No wonder the Plymouth Winger looks to be going in the opposite direction…

Scott Tolmie was back to his rampaging best yesterday and his power and strength in open play caused Plymouth a lot of problems. His ten tries this season make him one of the top try scorers in the league, alongside James Stokes and only just behind Lespierre. In open play he almost plays as flanker at times and his speed and ability to maintain it over much longer periods than most front row forwards can manage, make him unique at this level.

That said, having Phil Nilsen come one and tighten things up in the final minutes is a real asset – after looking a bit out of sorts in the last game he started, I thought he was back to his old self yesterday.

Coventry needed to put down a statement of intent yesterday, a message  to the likes of Ampthill and Darlington. We’ve beaten three of the five top clubs in the league already in Moseley, Blackheath and now Plymouth and we fear no one. And they duly did.

And whilst other teams have slipped up, yesterday saw Darlington drop a couple more points away to Bishop’s Stortford, Coventry continues its relentless march onwards, and still having dropped only two bonus point out of the 60 so far on offer.

Plymouth had no answer to Coventry’s second half display yesterday. We were far too well organised for them and we were technically better in most areas of the game. And whilst Plymouth were also well drilled, the difference was we had the players and the skill to unlock their defence and towards the end our backs began to open up their defence as well. Physically, we looked that bit fitter and finished the game far stronger and when we needed to show physicality up front, it was there in bucket loads. The two-week break seems to have done us the world of good and even with a number of key players still absent, we were in the end just too strong for a determined Plymouth side who still have a bit to do on this performance if they are to be a real contender for the top spot in April.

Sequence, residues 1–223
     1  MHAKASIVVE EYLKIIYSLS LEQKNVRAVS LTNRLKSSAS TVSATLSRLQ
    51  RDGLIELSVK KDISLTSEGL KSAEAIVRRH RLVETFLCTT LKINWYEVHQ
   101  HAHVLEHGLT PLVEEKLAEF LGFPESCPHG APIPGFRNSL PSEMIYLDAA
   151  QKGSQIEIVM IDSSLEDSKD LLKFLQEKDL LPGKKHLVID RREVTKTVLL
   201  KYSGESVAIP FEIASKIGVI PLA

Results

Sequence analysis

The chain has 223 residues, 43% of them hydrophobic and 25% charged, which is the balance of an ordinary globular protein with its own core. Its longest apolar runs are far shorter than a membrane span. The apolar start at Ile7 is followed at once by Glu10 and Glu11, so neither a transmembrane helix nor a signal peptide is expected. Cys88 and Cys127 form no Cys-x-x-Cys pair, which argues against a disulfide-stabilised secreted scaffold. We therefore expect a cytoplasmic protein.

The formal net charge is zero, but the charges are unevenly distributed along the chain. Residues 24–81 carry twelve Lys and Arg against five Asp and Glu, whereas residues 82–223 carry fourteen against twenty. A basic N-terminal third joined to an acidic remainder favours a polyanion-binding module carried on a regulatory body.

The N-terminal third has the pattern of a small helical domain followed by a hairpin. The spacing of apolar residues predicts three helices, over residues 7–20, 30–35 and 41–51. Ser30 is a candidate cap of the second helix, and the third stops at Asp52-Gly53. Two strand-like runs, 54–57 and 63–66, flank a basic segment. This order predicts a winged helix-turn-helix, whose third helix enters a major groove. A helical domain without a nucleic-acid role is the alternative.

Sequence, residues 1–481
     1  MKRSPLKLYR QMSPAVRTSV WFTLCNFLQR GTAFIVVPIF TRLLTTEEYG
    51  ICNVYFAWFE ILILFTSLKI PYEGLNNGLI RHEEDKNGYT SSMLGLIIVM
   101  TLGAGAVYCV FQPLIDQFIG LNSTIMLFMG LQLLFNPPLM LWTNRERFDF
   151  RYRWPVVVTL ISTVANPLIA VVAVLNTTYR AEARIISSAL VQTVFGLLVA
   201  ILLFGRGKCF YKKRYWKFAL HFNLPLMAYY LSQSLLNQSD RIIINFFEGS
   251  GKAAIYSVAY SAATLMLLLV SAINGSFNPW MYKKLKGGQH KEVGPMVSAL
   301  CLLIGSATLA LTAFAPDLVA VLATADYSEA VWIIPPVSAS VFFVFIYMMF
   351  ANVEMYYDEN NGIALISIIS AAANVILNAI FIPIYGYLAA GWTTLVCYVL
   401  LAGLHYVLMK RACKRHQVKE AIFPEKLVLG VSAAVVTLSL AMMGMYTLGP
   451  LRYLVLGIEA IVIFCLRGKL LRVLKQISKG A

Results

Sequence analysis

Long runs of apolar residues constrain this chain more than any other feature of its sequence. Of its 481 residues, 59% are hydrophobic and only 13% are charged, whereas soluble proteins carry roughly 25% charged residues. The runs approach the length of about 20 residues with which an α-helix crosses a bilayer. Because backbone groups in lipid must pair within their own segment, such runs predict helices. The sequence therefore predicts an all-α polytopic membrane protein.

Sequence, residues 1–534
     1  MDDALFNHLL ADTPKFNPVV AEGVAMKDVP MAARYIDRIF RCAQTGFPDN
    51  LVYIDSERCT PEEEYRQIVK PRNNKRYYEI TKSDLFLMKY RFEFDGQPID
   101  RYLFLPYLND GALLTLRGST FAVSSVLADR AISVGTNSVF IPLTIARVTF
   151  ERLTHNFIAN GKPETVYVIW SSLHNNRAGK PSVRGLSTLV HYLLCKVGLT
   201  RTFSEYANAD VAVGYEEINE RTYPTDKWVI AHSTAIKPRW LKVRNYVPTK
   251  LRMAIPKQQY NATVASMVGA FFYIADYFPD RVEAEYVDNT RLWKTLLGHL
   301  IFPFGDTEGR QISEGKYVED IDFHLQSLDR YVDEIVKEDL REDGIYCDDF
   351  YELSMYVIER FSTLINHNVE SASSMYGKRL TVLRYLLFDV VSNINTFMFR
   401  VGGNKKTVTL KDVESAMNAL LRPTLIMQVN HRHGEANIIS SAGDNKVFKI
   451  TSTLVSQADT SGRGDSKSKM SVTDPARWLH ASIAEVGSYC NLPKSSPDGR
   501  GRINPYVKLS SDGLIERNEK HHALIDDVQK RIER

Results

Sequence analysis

As for Coventry, well we didn’t appear to have any injuries from yesterday’s game, so hopefully next week will be all about building towards the trip down to Rosslyn Park – something of a bogey side for Cov away from home in recent seasons. However, this season we will be travelling down there with a team brimming with confidence and with players experienced enough now to perform away from the BPA.

I’ll finish off with a photo of a happy Rowland Winter reminding us all of what is most important of all in our lives, even on a Saturday afternoon at the BPA.

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If you were at the game yesterday, and you haven’t already voted in the ‘Man of the Match’ poll, then please do give it a go… all being well, I’ll include the results in Monday’s post.
Thank you in advance.

 

 

 

 

 

 

 

 

 

9 replies »

  1. Sitting in the stand or standing around the edge, both are excellent ways of watching the game. Standing o the touchline gets you right in the action when there is a scrum or line out nearby. You can smell the action! But you can miss the detail of play when the action is at the other side of the pitch. The stand is comfy and you get a much better appreciation of the whole game. A half of each is a good compromise and on a cold day it is good to keep moving.

    Liked by 1 person

    • Hi Kevin, I like the occasional game pitch side, the game always feels that much quicker than it does higher up and you get to hear the players talking which is often fairly enlightening! The stand view allows more of a holistic view for me though, and its much easier to spot the options available than from the edge of the pitch…

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  2. Sorry, all my posts here seem to be nerdy ones about crowd size and ground capacity.